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Grasslands may be more reliable carbon sinks than forests in California

Dass, Pawlok; Houlton, Benjamin Z.; Wang, Yingping and Warlind, David LU (2018) In Environmental Research Letters 13(7).
Abstract

Although natural terrestrial ecosystems have sequestered ∼25% of anthropogenic CO2 emissions, the long-term sustainability of this key ecosystem service is under question. Forests have traditionally been viewed as robust carbon (C) sinks; however, extreme heat-waves, drought and wildfire have increased tree mortality, particularly in widespread semi-arid regions, which account for ∼41% of Earth's land surface. Using a set of modeling experiments, we show that California grasslands are a more resilient C sink than forests in response to 21st century changes in climate, with implications for designing climate-smart Cap and Trade offset policies. The resilience of grasslands to rising temperatures, drought and fire, coupled with... (More)

Although natural terrestrial ecosystems have sequestered ∼25% of anthropogenic CO2 emissions, the long-term sustainability of this key ecosystem service is under question. Forests have traditionally been viewed as robust carbon (C) sinks; however, extreme heat-waves, drought and wildfire have increased tree mortality, particularly in widespread semi-arid regions, which account for ∼41% of Earth's land surface. Using a set of modeling experiments, we show that California grasslands are a more resilient C sink than forests in response to 21st century changes in climate, with implications for designing climate-smart Cap and Trade offset policies. The resilience of grasslands to rising temperatures, drought and fire, coupled with the preferential banking of C to belowground sinks, helps to preserve sequestered terrestrial C and prevent it from re-entering the atmosphere. In contrast, California forests appear unable to cope with unmitigated global changes in the climate, switching from substantial C sinks to C sources by at least the mid-21st century. These results highlight the inherent risk of relying on forest C offsets in the absence of management interventions to avoid substantial fire-driven C emissions. On the other hand, since grassland environments, including tree-sparse rangelands, appear more capable of maintaining C sinks in 21st century, such ecosystems should be considered as an alternative C offset to climate-vulnerable forests. The further development of climate-smart approaches in California's carbon marketplace could serve as an example to offset programs around the world, particularly those expanding into widespread arid and semi-arid regions.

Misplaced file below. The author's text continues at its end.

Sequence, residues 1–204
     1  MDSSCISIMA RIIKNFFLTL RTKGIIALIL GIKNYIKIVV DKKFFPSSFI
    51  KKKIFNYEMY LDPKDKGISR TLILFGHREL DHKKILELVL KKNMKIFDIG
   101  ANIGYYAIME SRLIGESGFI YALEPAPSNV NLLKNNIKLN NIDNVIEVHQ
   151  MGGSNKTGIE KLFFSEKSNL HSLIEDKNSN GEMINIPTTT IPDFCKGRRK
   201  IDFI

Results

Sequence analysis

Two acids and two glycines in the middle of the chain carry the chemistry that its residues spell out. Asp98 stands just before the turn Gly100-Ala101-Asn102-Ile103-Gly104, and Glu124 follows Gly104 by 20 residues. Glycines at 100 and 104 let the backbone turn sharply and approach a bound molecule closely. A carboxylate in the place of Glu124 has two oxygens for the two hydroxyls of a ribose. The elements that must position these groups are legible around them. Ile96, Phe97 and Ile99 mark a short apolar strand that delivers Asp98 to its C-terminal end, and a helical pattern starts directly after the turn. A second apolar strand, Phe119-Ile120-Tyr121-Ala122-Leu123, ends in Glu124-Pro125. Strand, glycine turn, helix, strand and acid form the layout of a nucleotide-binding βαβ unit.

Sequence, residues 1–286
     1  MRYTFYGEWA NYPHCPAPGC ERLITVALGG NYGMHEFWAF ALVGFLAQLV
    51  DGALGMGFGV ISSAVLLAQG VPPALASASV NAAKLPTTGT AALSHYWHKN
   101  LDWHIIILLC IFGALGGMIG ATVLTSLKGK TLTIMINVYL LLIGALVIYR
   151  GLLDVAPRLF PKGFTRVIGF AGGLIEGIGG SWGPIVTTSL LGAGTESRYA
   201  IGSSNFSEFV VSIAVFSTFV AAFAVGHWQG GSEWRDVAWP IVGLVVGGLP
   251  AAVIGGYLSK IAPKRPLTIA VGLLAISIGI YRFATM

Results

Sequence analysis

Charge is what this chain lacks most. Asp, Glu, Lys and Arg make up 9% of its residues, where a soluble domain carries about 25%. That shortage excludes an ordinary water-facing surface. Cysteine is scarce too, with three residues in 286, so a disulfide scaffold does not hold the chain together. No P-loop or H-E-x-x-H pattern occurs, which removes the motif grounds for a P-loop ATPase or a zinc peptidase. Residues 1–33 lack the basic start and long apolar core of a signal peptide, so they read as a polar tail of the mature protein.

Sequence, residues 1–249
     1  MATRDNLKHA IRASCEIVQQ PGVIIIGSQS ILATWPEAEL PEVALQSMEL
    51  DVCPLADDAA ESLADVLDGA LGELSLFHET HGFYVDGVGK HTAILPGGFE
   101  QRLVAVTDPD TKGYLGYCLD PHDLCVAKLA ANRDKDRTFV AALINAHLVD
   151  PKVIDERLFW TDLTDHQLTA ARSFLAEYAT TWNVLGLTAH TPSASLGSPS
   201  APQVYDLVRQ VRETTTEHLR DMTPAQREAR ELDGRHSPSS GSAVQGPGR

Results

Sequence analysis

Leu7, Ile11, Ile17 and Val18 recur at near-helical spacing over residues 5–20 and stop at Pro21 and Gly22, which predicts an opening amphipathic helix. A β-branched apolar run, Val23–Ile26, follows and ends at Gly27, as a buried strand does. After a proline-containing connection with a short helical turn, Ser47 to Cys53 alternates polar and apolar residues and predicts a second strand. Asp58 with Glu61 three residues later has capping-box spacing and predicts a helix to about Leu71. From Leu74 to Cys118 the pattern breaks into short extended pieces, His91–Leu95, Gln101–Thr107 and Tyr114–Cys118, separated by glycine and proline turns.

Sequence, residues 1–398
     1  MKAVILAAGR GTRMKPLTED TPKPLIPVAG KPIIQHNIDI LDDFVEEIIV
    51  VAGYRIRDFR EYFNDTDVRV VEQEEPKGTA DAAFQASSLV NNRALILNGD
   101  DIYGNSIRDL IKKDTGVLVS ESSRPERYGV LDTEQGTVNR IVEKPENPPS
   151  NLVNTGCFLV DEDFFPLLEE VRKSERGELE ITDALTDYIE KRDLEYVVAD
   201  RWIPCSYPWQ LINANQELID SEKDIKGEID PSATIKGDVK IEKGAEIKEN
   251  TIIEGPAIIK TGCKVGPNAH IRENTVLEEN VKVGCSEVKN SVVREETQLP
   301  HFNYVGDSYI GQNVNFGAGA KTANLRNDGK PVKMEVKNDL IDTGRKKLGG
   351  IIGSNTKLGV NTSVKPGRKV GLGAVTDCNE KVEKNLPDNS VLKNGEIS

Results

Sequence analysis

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author
organization
publishing date
type
Contribution to journal
publication status
published
subject
keywords
Cap, Carbon cycle, Climate change, Drought, Forest, Grassland, Trade, Wildfire
in
Environmental Research Letters
volume
13
issue
7
publisher
IOP Publishing
external identifiers
  • scopus:85056560239
ISSN
1748-9318
DOI
10.1088/1748-9326/aacb39
language
English
LU publication?
yes
id
fcadb7a6-289e-4874-b8d3-69c89b4b3263
date added to LUP
2018-11-28 10:08:21
date last changed
2019-09-17 04:44:32
@article{fcadb7a6-289e-4874-b8d3-69c89b4b3263,
  abstract     = {<p>Although natural terrestrial ecosystems have sequestered ∼25% of anthropogenic CO<sub>2</sub> emissions, the long-term sustainability of this key ecosystem service is under question. Forests have traditionally been viewed as robust carbon (C) sinks; however, extreme heat-waves, drought and wildfire have increased tree mortality, particularly in widespread semi-arid regions, which account for ∼41% of Earth's land surface. Using a set of modeling experiments, we show that California grasslands are a more resilient C sink than forests in response to 21st century changes in climate, with implications for designing climate-smart Cap and Trade offset policies. The resilience of grasslands to rising temperatures, drought and fire, coupled with the preferential banking of C to belowground sinks, helps to preserve sequestered terrestrial C and prevent it from re-entering the atmosphere. In contrast, California forests appear unable to cope with unmitigated global changes in the climate, switching from substantial C sinks to C sources by at least the mid-21st century. These results highlight the inherent risk of relying on forest C offsets in the absence of management interventions to avoid substantial fire-driven C emissions. On the other hand, since grassland environments, including tree-sparse rangelands, appear more capable of maintaining C sinks in 21st century, such ecosystems should be considered as an alternative C offset to climate-vulnerable forests. The further development of climate-smart approaches in California's carbon marketplace could serve as an example to offset programs around the world, particularly those expanding into widespread arid and semi-arid regions.</p>},
  articleno    = {074027},
  author       = {Dass, Pawlok and Houlton, Benjamin Z. and Wang, Yingping and Warlind, David},
  issn         = {1748-9318},
  keyword      = {Cap,Carbon cycle,Climate change,Drought,Forest,Grassland,Trade,Wildfire},
  language     = {eng},
  number       = {7},
  publisher    = {IOP Publishing},
  series       = {Environmental Research Letters},
  title        = {Grasslands may be more reliable carbon sinks than forests in California},
  url          = {http://dx.doi.org/10.1088/1748-9326/aacb39},
  volume       = {13},
  year         = {2018},
}